A nonprofit organization can have any amount they wish in assets (in your case, the bank account).

For example, the American Red Cross has $517 million in cash and checking accounts (Source: Form 990 dated June 30, 2015). Their other assets include buildings, a huge investment portfolio, and inventory. They need all this money in reserve so that they can assist victims when the next natural disaster happens.

It’s not the first time I’ve heard gross revenues and assets get confused.

My book Money Management in a Homeschool Organization would probably be helpful. I try to make confusing topics like money and taxes clear!

Carol Topp CPA
HomeschoolCPA.com

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Starting a Homeschool Co-op with a Friend

 

Is it a good idea to start a homeschool co-op with a friend?

Carol Topp, the author of  Homeschool Co-ops: How to Start Them, Run Them and Not Burn Out explains the pitfalls to avoid when starting a co-op with a friend.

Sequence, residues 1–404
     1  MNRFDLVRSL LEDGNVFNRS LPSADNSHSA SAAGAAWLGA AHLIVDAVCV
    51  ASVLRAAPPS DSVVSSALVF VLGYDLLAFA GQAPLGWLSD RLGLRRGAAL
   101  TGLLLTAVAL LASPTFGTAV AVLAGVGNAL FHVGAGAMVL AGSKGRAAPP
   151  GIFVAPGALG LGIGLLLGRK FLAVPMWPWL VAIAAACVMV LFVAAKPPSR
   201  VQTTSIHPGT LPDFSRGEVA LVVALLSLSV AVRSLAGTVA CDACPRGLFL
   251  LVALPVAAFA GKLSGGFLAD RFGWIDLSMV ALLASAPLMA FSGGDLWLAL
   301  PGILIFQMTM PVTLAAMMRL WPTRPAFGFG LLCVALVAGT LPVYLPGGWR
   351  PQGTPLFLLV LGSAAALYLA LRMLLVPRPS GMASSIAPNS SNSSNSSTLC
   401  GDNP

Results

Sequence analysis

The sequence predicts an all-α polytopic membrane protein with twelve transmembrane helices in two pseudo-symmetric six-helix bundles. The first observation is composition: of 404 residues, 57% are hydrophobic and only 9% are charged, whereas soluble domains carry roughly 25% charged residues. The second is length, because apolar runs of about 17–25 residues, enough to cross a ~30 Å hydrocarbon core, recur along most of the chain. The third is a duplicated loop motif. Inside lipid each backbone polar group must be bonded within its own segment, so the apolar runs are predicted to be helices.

Listen to the podcast (10 minutes)

FEATURED PRODUCT from HomeschoolCPA:

Homeschool Co-ops:  How to Start Them, Run Them, and Not Burn Out

Have you ever thought about starting a homeschool co-op? Are you afraid it will be too much work? Do you think you’ll have to do it all by yourself? Starting a homeschool co-op can be easy! This book Homeschool Co-ops: How to Start Them, Run Them and Not Burn Out will give you ideas, inspiration, tips, wisdom and the tools you need to start a homeschool co-op, run it and not burn out!

Click Here to request more information!

Self-declared tax exempt status for 501c3 homeschool groups

We are just starting up our group and we do not want to do anything illegal, but we would not qualify as a nonprofit right now, so as per your IRS book, we would be labeled an Unincorporated Association. My question is… Do we need to do anything legally to continue as a group. We do plan to open a checking account and have an EIN number.
I just felt that for a group that is just starting and is not a nonprofit or at the 501 (c) (3) status yet, we don’t know the first steps to get a group of and running and if we need to do anything legally to start. Thank you so much for your time!
-EC

 

Dear EC,